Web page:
Ever curious and resourceful, a black bear’s continuing search for food can lead it straight to your house. Their super-sensitive noses can sniff out odors — from as far away as 5 miles — of things we humans don’t consider tasty, or even edible, such as your smelly trash, pet food and birdseed, not to mention the now popular backyard chicken “buffets” and hot-tub covers baking in the sun (smells like a great big ant hill to a bear).
Once a bear learns that exploring human places yields a bounty of easy, tasty treats, it will keep coming back for more, a habit that can lead to property damage or even injury. Bears that damage property or come into conflict with people often pay with their lives.
“There’s often a rash of bear sightings and other human-bear interactions in June, when juvenile bears are striking out on their own for the first time. They are hungry, lonely and will explore every possible source of food,” says Linda Masterson, author of the book “Living With Bears.” “If they learn to rely on people for food, their days will be numbered. If we teach them to avoid people places, they’ll have a much better chance of living a long and natural life.”
She offers 12 bear-smart tips for a bear-proof home:
• Don’t feed birds while bears are active. Use water feeders, plantings and nest boxes to attract birds.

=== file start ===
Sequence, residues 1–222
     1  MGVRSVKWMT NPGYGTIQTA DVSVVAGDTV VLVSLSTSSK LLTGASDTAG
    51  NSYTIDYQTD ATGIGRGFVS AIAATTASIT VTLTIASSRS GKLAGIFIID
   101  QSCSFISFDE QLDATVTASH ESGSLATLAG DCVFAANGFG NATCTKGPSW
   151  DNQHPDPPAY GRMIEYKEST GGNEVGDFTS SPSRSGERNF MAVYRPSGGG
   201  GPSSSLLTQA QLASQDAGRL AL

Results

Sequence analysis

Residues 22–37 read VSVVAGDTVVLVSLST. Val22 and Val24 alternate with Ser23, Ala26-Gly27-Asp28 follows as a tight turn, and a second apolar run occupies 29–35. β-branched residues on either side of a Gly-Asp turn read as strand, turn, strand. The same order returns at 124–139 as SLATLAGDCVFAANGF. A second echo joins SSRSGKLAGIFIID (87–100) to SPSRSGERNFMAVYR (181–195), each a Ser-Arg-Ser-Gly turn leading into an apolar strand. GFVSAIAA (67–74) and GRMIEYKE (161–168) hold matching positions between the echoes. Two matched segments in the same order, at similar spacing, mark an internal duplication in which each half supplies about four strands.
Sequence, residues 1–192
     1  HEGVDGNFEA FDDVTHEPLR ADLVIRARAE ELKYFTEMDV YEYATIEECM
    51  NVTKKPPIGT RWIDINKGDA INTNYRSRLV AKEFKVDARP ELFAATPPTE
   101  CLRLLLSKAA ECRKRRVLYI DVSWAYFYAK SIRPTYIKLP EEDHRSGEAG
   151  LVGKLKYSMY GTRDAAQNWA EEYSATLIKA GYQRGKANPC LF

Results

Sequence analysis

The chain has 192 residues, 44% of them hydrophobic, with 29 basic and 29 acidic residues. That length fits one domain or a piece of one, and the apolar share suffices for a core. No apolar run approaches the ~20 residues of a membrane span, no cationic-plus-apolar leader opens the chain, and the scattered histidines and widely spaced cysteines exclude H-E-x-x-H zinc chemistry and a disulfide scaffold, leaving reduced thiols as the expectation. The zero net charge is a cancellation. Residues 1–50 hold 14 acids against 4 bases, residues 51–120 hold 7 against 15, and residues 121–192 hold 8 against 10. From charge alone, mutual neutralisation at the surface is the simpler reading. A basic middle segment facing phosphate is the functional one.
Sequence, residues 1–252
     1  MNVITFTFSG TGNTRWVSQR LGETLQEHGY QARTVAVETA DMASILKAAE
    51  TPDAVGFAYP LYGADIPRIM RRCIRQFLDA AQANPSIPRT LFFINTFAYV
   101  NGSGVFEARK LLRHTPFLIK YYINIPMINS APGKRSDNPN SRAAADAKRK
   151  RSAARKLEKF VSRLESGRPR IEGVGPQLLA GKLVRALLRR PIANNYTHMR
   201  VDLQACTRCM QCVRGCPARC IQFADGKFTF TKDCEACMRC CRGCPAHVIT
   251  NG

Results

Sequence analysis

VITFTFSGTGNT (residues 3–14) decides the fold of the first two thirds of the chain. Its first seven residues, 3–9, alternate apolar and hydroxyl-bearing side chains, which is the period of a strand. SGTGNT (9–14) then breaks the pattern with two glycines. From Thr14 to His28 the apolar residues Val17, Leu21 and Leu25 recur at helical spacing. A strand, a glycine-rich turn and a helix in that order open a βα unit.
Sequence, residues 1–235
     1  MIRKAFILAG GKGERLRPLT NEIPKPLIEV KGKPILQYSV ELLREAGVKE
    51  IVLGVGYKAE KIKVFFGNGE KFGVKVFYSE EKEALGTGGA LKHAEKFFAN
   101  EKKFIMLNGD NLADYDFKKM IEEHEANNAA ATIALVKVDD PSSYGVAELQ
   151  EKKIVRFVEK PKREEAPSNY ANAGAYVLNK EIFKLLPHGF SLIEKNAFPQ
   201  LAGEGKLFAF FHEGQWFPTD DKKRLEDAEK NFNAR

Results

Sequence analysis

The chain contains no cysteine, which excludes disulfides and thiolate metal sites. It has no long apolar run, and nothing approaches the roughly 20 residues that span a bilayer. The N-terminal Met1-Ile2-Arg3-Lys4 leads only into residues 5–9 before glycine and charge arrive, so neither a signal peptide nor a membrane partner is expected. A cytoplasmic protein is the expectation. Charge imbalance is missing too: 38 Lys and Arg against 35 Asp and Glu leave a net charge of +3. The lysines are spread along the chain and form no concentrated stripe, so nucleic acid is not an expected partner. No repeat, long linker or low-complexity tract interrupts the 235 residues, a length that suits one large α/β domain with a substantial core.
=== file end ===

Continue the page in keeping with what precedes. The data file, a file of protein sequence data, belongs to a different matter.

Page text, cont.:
• Store garbage in bear-resistant containers, enclosures or buildings.
• If you have trash service, put trash out the morning of pick up, not the night before.
• Keep bear-accessible windows and doors closed and locked at night. Screens keep out bugs, not bears. In a vast majority of bear “break-ins” the bear simply walked or crawled in through an open door or window.
• Double- or triple-pane windows are more bear resistant and save energy too.
• Trim tree branches that overhang your roof or upstairs decks.
• Remove berry-producing bushes and fruit trees close to the house. Avoid planting a clover lawn.
• Store canned goods, bird seed, dog food and beverages inside a sturdy locked building.
• Think twice before putting a refrigerator or freezer in your garage. The rubber gaskets collect odors that go wafting back outside through the ventilation system.
• Lock chickens and small livestock in a secure pen at night or put an electric fence around their enclosure.
• If you park your car outside overnight, don’t leave anything inside it that could attract a bear. That includes sunscreen tan, hand lotion and air fresheners, along with empty food wrappers and packaging. And lock your car doors.
• Don’t leave pet food or empty pet-food dishes outside. A pet door big enough for a small dog is plenty big enough for a bear.
By taking the time to remove attractants and change your habits that attract bears, you could help save a bear’s life. And save yourself a lot of time, trouble and money.
Award-winning author Linda Masterson digs into just about every facet of living and playing safely and smartly in bear country in her book, “Living with Bears: A Practical Guide to Bear Country.” She’s a member of the International Bear Association and has been part of Colorado’s Bear Aware outreach team since 2002.
Living With Bears: A Practical Guide to Bear Country is available at bookstores and online at http://www.LivingWithBears.org, or by calling Colorado publisher PixyJack Press at 303-810-2850.